Moreover, marsupials don't have milk teeth, as placentals typically do. It's not that they don't form; they do, but most of them never erupt, and vanish before the adult teeth appear. Using these sorts of features, especially the number and shape of the teeth, we can trace marsupial ancestry back to long before the extinction of the non-avian dinosaurs, to at least the Early Cretaceous, over 140 million years ago. Technically, because they lived so long before the last common ancestor of all the living forms, these very early ancestors aren't marsupials as such, but they do form a distinct lineage that stretches back just as far as the ancestors of placental mammals.

This brings us to one of the myths about marsupials: that they are somehow more 'primitive' than placental mammals. In fact, both lineages have an equally long history, existing side-by-side for millions of years. Marsupials first appeared in the Northern Hemisphere, before heading to South America, and eventually, via what was then an Antarctic land bridge, Australia. While it's true that all of those in the north died out, they survived in South America, and a number of species still live on that continent today, evidently not out-competed by their placental neighbours. One of them, of course, subsequently headed north again, which is where the Virginia opossum comes from.

Having said which, it is likely that the marsupial mode of reproduction is closer to that of the early mammals, once they had given up egg-laying. The widespread presence of those epipubic bones, including some in the very earliest ancestors of placental mammals, makes this, at least, quite likely.

How many different kinds of marsupial are there? There are over 300 species, which, as I've noted above, is around 5% of the 6,500 mammal species currently known. They fall, broadly speaking, into three main sub-groups.

Largest are the diprotodonts, the large (ish) herbivorous marsupials of Australia, New Guinea, and neighbouring islands. These include the true possums, and also such familiar animals as kangaroos, wallabies, koalas, and wombats, alongside more obscure creatures such as cuscuses, potoroos, and the wonderfully-named noolbenger. The scientific name for the group means 'two front teeth', and, indeed, they are characterised by the presence of large clipping incisors at the front of the mouth, that look a lot like rabbit teeth.

Secondly, there are the carnivorous marsupials, also found only in and around Australia. By far the most famous of these is the Tasmanian devil, with the great majority being much smaller animals resembling shrews or mice, including such things as dibblers, dunnarts, and the red kaluta.

The third group are, in fact, the opossums, over in the Americas. There are over 90 species of these animals, descendants of an early branch of the marsupial family tree that likely pre-dated the first trip of their relatives to Australia. These are the ones that retain the full set of teeth, and include, of course, that one species that reaches the USA and Canada.

Even these aren't quite the entirety of marsupial species, because there are a few that are sufficiently peculiar not to fit neatly within any of the three main groups. While the ant-eating numbats are clearly related to the carnivorous marsupials, the long-snouted, semi-hoofed, bandicoots are something else entirely, and the marsupial moles are just plain weird. Over in South America, there are those odd, pouchless, shrew-opossums, and the monito del monte, which is more closely related to its kin in Australia than to any of its own neighbours.

[Photos by Andrew Mercer and Pierre-Yves Beaudouin, from Wikimedia Commons.]


  1. What a great blog - informative and illustrative while being interesting at the same time. I seem to remember it being said somewhere that Australian marsupial groups were nested amongst the American ones. You didn't quite say anything that went against that but, never actually gave that impression.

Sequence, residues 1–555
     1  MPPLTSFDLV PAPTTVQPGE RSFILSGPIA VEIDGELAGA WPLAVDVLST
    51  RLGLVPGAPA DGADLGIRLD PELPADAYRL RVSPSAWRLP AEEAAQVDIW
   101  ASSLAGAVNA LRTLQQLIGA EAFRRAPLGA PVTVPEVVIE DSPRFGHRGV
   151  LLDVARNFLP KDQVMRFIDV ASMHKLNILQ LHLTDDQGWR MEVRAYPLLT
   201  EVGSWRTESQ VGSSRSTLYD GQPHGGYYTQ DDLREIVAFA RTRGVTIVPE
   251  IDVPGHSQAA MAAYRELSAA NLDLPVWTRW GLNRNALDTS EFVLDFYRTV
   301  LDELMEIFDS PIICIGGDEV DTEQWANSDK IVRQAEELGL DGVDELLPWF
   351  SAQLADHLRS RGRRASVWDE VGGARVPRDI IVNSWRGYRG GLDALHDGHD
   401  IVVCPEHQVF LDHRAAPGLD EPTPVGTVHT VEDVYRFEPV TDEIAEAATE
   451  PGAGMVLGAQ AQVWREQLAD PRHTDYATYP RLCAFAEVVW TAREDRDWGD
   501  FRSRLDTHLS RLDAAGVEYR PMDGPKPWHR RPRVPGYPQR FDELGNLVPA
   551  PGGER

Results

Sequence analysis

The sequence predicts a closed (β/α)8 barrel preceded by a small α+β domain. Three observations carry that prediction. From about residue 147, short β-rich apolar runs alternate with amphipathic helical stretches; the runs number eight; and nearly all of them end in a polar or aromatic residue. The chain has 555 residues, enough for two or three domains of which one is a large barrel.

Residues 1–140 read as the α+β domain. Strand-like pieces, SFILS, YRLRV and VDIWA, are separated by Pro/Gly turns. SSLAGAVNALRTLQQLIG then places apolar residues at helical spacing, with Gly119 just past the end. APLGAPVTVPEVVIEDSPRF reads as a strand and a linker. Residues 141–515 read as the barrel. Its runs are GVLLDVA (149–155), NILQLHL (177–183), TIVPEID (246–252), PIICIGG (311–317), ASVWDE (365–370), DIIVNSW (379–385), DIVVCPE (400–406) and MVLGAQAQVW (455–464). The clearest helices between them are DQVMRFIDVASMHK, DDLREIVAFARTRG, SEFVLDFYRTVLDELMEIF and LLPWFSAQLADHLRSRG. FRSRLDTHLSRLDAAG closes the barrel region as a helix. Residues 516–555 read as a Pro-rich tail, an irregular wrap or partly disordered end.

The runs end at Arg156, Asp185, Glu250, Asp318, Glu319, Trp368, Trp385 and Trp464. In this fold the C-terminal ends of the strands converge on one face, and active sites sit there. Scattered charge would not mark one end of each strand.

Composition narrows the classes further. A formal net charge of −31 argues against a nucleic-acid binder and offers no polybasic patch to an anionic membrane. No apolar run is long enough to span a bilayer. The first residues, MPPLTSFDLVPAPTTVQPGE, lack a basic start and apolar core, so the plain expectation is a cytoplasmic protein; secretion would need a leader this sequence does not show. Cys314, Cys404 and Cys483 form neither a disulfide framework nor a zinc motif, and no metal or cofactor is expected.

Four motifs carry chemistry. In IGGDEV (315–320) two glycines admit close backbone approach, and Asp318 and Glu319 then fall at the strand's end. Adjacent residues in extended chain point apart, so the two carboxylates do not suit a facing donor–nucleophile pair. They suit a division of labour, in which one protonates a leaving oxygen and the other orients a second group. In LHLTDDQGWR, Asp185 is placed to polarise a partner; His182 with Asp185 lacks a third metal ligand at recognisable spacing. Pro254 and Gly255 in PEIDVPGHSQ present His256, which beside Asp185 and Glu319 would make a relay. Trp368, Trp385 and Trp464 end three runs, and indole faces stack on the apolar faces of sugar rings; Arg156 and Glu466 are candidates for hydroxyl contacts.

"such as cuscuses, potoroos, and the wonderfully-named noolbenger..."

    Could equally say "such as the wonderfully-named cuscuses, potoroos, and noolbenger"

    1. Actually he did effectively say that in the last sentence: the monito del monte can only be closer to Australian marsupials than to its South American neighbours if the Australians are nested within the American lineages.

    2. Yes, Andreas has it right. However, I talked more about this in an earlier post, and didn't want to repeat myself too much.

  2. Act'ly, I wonder if the thylacine might not be better known than the devil, despite its extinctness. I definitely find it hard to believe the devil is far more famous.

    1. That's plausible. Can't say I did a survey :)

  3. Cultural story. When I was a child, in the 1950s, and an Australian cousin sent me books for Christmas, the medium-size carnivorous marsupials -- the Australian analogues of weasels and the like -- were called "Native Cats." By the time I first went to Oz, in the 1980s, that term had apparently fallen completely out of use, and they were (and are) referred to as "Quolls." My suspicion is that the change had something to do with general Australian attitudes about not being a colony and about having a culture that is not derivative from that of the Poms...
    As for the monito del monte, I remember being very excited when genetic studies showed it was more closely related to Australian than to other American marsupials (was an "Australidelphian" rather than an "Ameridelphian" in terms that were used). I've seen suggestions that its ancestors lived in Oz, and sometime before the final breaking of the land connections between South America, Australia, and Antarctica migrated BACK to the New World. The interesting phylogenetic question (open for a while: not sure whether there is a consensus answer yet) the Australian marsupials (including the M del M) are nested within the (other) American ones, or vice versa, or neither.

    1. The consensus is that the Australian marsupials are nested within the South American ones (as noted above, I did a post on that particular question a few years back, and didn't want to go over it again). So the M del M either snuck back along the original migration route, or the Australidephians diverged shortly before the migration, and its the only surviving species of the ones that didn't subsequently leave.